The latest Osterman Research on the state of test processes and automation revealed what those of us pursuing Agile engineering practices have known for nearly a decade… that the manner in which Test and QA are typically executed in most companies is appalling and worse, dishonors the QA and Test professionals who aspire to add real strategic value to software products and solutions. The fact that our colleagues continue to labor under the burden of poorly integrated Test Engineering Practices and often lack the modern automation tooling needed to do their jobs well is a travesty. Shame on all of us.
Consider these key takeaways form the Osterman survey:
- Completely automated software testing environments are still rare, with just 12 percent of software development organizations using fully automated test systems. Almost 10 percent reported that all testing was done manually.
- Forty-six percent of software developers said they do not have time to test as much as they should.
- More than a third of developers, 36 percent, said they do not believe their companies perform enough pre-release testing.
- Fifty-three percent said their testing is limited by compute resources.
Despite the well documented and understood economic impact of software bugs, the practices and lack of tooling that contribute to poor outcomes still persist. Why? Simple, the lack of engaged executive sponsorship. QA and Testing is one of the classic organizational “silos” within IT. This silo, like all the others in IT, begs for a lean/holistic approach to enable an engaged, highly adaptive, high quality software & product development lifecycle (ie Agile-Lean). This kind of systemic change won’t happen unless someone senior enough in the organization is willing to do the hard work of renegotiating, if not entirely eliminating arbitrary stakeholder boundaries that exist between business leaders, product management, BA’s, PM’s, Developers, QA and Release Management.
Unfortunately enterprise executives still frequently misunderstand “the Agile thing” as something having to do with writing code fast and working closely with the business. While these themes are part of the Agile tool kit, they are not the whole story. The Agile and Lean transformation agenda is about reworking the entire end-to-end value stream. This approach is focused ruthlessly on optimizing the entire organization around how we operationally translate compelling ideas and opportunities into working products and solutions that maximize the outcomes for the business, shareholders, and customers. It’s about how we re-imagine where and how value is created and how we challenge the status quo of “how we’ve always done things around here”…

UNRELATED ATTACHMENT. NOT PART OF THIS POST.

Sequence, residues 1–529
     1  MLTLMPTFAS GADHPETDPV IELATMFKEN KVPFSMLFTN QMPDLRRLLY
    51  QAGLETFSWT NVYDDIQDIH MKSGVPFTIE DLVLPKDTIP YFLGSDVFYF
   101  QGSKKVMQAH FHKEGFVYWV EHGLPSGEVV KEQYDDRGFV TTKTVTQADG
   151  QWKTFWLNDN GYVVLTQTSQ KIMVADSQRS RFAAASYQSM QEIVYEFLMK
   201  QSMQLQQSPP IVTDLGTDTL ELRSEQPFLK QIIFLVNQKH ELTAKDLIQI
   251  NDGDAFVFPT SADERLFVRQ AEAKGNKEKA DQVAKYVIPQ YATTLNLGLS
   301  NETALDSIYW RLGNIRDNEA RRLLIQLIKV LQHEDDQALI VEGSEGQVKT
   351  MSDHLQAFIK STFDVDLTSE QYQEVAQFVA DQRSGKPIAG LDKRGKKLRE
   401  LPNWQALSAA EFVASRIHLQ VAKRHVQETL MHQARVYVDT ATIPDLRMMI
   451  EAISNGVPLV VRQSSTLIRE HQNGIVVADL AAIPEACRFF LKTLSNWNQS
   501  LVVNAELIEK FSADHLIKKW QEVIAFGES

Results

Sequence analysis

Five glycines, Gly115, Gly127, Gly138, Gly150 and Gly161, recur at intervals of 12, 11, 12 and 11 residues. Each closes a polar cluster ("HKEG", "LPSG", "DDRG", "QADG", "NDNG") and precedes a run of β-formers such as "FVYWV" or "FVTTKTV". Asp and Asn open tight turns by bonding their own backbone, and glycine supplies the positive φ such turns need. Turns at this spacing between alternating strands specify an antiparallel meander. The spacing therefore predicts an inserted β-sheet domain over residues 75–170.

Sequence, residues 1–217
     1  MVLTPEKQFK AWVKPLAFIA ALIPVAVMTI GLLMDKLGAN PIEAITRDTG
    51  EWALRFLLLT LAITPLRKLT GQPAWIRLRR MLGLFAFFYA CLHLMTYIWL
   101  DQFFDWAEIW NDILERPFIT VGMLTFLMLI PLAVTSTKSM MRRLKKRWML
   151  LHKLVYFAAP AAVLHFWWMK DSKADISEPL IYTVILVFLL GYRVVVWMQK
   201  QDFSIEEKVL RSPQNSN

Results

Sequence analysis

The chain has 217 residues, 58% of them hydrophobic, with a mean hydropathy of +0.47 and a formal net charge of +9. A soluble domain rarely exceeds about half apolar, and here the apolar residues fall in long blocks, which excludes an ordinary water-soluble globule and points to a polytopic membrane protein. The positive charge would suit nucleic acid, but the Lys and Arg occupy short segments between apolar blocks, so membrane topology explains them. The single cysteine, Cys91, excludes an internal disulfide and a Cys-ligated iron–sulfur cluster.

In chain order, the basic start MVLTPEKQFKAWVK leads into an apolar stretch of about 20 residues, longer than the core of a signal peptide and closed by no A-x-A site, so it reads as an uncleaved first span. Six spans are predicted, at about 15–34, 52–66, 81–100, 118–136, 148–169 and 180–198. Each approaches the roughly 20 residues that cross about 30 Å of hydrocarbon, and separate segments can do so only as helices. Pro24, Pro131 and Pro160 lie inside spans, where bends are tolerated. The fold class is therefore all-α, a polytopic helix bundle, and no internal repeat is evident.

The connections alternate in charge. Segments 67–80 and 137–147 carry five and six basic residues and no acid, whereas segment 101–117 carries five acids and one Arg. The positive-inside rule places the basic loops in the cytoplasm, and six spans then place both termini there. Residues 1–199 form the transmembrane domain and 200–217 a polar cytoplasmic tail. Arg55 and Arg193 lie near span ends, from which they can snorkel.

If Agile is about optimizing business value in a chaotic, unpredictable world, I can’t think of a more important hygiene factor than the predictability of product quality and the reduction of software defects. Ironically, while current test practices are suffering in the mainstream, the Agile community has pioneered new innovations to Test Engineering that elevate the importance of product quality by placing it where it belongs – at the beginning of the development process. As the Agile community has worked to pioneer new approaches to integrating Test Engineering into the front end of the software development lifecycle (Test First / TDD / BDD) a critical foundation is established on which highly automated, predictable and effective software quality process and tooling can flourish.
For those of you who are QA/Test professionals and who may have felt leery or even alienated by the Agile community, please know that we are your friends and we need you fully engaged in our battle to revitalize and transform enterprise software and product development practices. We believe that QA and Test should NEVER be compromised. We also believe new approaches, practices, and tools are required and that product quality will never happen (no matter how “Agile” a process becomes) without thoughtful and engaged involvement from passionate QA and Test colleagues.